An additional step can be introduced to compensate for the effect of
spatial normalisation. When warping a series of images to match a
template, it is inevitable that volumetric differences will be
introduced into the warped images. For example, if one subject's
temporal lobe has half the volume of that of the template, then its
volume will be doubled during spatial normalisation. This will also
result in a doubling of the voxels labeled grey matter. In order to
remove this confound, the spatially normalised grey matter (or other
tissue class) is adjusted by multiplying by its relative volume before
and after warping. If warping results in a region doubling its volume,
then the correction will halve the intensity of the tissue label. This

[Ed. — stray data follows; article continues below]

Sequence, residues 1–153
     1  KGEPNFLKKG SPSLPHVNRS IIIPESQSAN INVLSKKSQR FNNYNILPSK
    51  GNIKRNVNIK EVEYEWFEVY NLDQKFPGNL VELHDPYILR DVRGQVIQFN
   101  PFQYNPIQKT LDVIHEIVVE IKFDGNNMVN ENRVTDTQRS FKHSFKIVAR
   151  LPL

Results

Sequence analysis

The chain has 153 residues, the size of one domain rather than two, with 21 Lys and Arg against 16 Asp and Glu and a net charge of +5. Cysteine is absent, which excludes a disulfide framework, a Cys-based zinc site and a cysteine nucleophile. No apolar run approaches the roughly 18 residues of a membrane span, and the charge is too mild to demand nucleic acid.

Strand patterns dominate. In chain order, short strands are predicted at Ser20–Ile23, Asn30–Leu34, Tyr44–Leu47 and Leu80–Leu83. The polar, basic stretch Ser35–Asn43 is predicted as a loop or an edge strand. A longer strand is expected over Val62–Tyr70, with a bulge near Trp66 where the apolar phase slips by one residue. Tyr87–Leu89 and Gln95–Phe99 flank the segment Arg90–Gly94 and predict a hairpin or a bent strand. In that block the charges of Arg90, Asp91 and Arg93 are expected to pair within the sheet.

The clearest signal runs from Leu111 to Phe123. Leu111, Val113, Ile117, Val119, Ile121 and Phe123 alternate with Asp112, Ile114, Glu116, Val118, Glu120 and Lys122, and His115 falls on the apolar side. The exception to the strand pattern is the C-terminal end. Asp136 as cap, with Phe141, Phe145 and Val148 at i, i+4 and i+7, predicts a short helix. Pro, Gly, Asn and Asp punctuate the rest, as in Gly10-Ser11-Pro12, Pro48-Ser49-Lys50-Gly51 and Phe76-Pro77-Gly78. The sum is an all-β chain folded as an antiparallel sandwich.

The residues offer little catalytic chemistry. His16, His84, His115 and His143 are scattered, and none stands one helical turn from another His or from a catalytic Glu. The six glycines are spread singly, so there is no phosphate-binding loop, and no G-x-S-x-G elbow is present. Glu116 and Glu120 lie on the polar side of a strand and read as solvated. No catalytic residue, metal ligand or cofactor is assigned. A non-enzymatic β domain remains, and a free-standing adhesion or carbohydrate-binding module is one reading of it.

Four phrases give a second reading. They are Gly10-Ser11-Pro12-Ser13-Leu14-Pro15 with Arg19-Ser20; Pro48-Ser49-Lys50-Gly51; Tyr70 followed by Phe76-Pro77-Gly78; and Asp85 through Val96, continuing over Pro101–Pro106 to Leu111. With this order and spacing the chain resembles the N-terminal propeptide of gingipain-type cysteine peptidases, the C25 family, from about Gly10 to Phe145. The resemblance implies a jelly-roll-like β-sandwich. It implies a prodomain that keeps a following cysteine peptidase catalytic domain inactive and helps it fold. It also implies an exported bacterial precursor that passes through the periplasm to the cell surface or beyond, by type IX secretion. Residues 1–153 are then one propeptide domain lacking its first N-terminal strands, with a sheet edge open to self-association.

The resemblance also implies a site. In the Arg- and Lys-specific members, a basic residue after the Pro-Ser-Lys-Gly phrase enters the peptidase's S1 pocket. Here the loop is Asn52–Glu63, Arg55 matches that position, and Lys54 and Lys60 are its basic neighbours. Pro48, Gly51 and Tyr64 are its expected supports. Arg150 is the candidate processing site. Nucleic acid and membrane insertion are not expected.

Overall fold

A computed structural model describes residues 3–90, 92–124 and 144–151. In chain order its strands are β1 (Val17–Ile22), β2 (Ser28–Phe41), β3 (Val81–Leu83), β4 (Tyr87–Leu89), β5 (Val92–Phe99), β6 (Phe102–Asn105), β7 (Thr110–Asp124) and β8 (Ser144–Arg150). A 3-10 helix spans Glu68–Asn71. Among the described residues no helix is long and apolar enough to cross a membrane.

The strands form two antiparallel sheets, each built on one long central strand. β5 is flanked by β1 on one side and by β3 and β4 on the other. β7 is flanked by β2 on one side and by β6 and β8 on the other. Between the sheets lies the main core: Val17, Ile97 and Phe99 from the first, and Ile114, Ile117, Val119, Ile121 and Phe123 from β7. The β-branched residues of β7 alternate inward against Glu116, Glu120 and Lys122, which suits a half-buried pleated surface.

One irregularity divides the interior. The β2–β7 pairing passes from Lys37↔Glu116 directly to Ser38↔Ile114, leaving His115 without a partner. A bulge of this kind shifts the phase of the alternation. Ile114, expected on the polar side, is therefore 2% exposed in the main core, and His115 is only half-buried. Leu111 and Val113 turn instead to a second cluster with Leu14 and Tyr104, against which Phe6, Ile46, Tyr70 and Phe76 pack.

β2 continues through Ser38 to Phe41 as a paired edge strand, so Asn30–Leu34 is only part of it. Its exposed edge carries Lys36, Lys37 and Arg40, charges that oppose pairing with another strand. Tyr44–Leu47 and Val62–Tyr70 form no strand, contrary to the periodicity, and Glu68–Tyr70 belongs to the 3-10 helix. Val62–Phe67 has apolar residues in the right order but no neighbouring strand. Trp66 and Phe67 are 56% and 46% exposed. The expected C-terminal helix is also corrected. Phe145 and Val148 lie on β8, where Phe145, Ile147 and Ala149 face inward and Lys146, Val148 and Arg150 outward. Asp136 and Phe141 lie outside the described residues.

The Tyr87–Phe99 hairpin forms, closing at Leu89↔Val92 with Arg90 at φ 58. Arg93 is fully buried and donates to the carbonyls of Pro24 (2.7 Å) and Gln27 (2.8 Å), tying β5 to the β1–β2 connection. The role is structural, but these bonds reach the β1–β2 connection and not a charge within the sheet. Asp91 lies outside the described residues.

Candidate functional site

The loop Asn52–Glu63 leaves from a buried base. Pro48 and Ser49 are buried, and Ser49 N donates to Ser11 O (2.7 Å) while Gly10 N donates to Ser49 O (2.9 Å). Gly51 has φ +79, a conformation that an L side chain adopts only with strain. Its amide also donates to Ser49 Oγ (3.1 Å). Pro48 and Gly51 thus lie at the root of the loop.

whole procedure has the effect of preserving the total amount of grey
matter signal in the normalised partitions.
A deformation field is a vector field, where three values are
associated with each location in the field. The field maps from
co-ordinates in the normalised image back to co-ordinates in the
original image. The value of the field at co-ordinate [x y z] in the
normalised space will be the co-ordinate [x' y' z'] in the original
volume. The gradient of the deformation field at a co-ordinate is its
Jacobian matrix, and it consists of a 3x3 matrix:
/ \
| dx'/dx dx'/dy dx'/dz |
| |
| dy'/dx dy'/dy dy'/dz |
| |
| dz'/dx dz'/dy dz'/dz |
\ /
The value of dx'/dy is a measure of how much x' changes if y is changed
by a tiny amount.
The determinant of the Jacobian is the measure of relative volumes of
warped and unwarped structures. The modulation step simply involves
multiplying by the relative volumes.